Is Export-led Growth Passe? Implications for Developing Asia
This paper discusses whether the Asian countries can still rely on the export-led growth strategy, or whether, they start shifting to domestic demand-led growth.
Some authors have recently begun questioning the advantages of the export-led growth (ELG) strategy that some Asian countries followed and that yielded impressive results. They argue that ELG suffers from a fallacy of composition, in that not all developing countries can pursue it simultaneously, and recommend a shift to domestic demand-led growth (DDLG).
This paper argues that although the encouragement of a gradual shift to DDLG is a welcome effort, ELG and DDLG need not be presented as incompatible strategies. The countries in the region need some form of ELG to achieve economies of scale. Hence, the ELG strategy is still the best option for most developing Asian countries. ELG is not simply about exporting, but exporting in the context of a development strategy based on upgrading. In the end, it is about achieving a golden combination between ELG and DDLG.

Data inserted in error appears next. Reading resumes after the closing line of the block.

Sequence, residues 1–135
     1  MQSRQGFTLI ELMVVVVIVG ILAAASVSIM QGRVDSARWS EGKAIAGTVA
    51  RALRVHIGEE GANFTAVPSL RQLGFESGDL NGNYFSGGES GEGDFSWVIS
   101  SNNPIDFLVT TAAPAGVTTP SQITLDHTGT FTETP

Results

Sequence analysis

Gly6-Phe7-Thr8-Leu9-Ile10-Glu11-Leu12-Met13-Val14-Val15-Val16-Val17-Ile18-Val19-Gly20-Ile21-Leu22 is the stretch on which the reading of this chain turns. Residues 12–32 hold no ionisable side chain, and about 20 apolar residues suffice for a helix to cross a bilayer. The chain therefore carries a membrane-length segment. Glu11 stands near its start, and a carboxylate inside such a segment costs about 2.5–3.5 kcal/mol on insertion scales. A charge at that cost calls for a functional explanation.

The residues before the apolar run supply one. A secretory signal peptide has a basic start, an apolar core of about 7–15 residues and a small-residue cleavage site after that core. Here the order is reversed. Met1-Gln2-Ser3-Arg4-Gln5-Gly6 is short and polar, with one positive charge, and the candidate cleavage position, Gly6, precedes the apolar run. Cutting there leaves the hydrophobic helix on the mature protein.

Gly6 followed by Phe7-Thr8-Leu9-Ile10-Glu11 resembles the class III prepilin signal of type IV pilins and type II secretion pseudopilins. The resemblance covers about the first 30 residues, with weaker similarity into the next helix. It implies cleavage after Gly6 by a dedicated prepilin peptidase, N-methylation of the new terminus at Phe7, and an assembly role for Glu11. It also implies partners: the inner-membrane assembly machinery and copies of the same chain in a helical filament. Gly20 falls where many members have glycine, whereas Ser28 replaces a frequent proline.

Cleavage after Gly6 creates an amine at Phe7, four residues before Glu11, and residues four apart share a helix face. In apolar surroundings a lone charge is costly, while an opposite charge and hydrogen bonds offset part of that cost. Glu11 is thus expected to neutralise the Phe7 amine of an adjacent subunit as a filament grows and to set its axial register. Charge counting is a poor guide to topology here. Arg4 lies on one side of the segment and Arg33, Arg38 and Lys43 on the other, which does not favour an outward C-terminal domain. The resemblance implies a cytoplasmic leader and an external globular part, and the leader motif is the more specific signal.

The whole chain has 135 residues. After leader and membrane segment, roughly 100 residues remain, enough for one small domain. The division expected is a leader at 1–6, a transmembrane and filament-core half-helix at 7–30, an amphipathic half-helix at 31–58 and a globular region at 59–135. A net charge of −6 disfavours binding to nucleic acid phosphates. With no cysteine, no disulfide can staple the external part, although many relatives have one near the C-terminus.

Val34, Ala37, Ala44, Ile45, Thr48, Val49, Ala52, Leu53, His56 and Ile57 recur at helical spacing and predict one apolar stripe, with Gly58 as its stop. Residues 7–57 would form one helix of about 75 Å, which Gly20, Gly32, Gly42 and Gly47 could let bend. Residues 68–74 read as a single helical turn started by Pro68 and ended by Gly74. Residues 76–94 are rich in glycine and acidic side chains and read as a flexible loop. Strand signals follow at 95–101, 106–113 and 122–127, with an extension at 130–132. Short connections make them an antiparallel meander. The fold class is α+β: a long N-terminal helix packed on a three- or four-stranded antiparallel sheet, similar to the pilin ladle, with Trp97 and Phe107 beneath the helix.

Finally, the discussion of the policies to resume growth after the financial crisis has to be framed in the more general context of what is constraining growth today. In this author's view, demand is what constrains growth.
- Export and Domestic Demand-led Growth and the Need for a New Development Paradigm
- The Preference for Export-led Growth
- A Demand-driven View of Export-led Growth
- Export-led Growth is not Passé